As bankers always have, Michael F. Elliott travels a lot on business. But the business he seeks these days is mergers, not loans.

Mr. Elliott, chairman and chief executive officer of National City Bancshares, spends most of his time shopping for banks in Indiana, Illinois, and Kentucky.

The pavement pounding has certainly paid off. National City, a $1.3 billion-asset bank holding company based in Evansville, Ind., will grow to $1.8 billion once three pending mergers are completed.

At the same time, Mr. Elliott acknowledges something other bankers who are similarly striving know: Working on so many mergers at once can be an administrative nightmare.

"It's controlled panic," Mr. Elliott said, "but there's never been a better time to build your business."

Multiple deals used to be the bailiwick of big buyers like Banc One Corp. But in this age of rampant mergers, at least 10 banking companies have three or more acquisitions pending, according to Sheshunoff Information Services. That raises concern on Wall Street.

Union Planters Corp., for example, an $18.1 billion-asset bank based in Memphis, has nine deals pending that would add $10 billion of assets. Union Planters executives dodged analysts' questions in a recent conference call about handling the sudden growth.

"The execution risk is there," said an analyst who did not want his name used. "I think it's very fair to ask how the challenges of absorbing so many deals will be met."

Juggling a host of transactions is a balancing act of satisfying regulators, deciding who stays and goes, keeping up good relations with the management and community of the target company, and overseeing pesky little tasks like ensuring that everyone uses the same business forms.

Managing sudden growth is not an easy task. Fleet Financial Group shares lagged a booming market for months after the company doubled in size twice in one year by acquiring Shawmut National Corp. and the U.S. banking unit of National Westminster Bank.

Most banks get a grip on the tasks of executing mergers by assigning day-to-day banking business to the chief financial officer or chief operating officer. That way the CEO can keep hunting for deals.

To further ease the administrative load, most banks these days outsource legal and accounting work involved in mergers. And banks the size of National City often outsource data processing work, making conversion of different computer systems less daunting.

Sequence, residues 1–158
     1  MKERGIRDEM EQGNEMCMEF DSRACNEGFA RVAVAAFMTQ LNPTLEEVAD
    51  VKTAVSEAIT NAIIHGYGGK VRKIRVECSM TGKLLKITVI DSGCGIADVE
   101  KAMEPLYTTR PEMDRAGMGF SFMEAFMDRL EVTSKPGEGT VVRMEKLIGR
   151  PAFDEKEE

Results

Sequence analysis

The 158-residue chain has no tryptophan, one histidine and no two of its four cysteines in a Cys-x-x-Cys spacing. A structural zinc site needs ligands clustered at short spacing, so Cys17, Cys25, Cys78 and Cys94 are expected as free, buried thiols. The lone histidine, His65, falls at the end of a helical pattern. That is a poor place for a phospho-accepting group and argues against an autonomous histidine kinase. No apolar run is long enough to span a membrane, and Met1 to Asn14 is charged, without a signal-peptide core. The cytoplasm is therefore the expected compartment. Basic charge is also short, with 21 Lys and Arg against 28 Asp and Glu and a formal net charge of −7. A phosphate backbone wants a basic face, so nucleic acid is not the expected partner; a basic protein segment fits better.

The overriding goal is getting deals finished faster.

Union Planters wants to close its latest and largest transaction-a $2.3 billion acquisition of Magna Group of St. Louis-by June 30, just four months after the deal was announced. "No other deal has ever been closed that quickly," observed UBS Securities bank analyst Thomas H. Hanley in a recent report.

The sense of urgency is being fueled from both sides-banks looking to sell and others seeking to buy.

Ever since Barnett Banks Inc. agreed in August to sell to NationsBank Corp. for a huge four times book value, every bank CEO in the country has wondered what his company could fetch, said John G. Duffy, head of corporate finance at Keefe, Bruyette & Woods Inc.

Among buyers like Union Planters and Regions Financial Corp., Birmingham, Ala., which also has nine pending mergers, the rush has been on to either survive the consolidation wave or package themselves to snare a big premium if a larger bank comes calling.

But navigating the maze of side-by-side deals is a small price to pay for the thrill of building a business, most bankers agree.

Michael E. Ricketson, chief financial officer of Premier Bancshares, Atlanta, which has three pending deals and "another crop on the way," recalls what life was like a decade ago when regulators were demanding that banks purge bad loans and the focus was on survival, not growth.

"At my old bank we learned how to clean up and save banks," Mr. Ricketson said. "Now I focus on growing them. This is a good problem to have."

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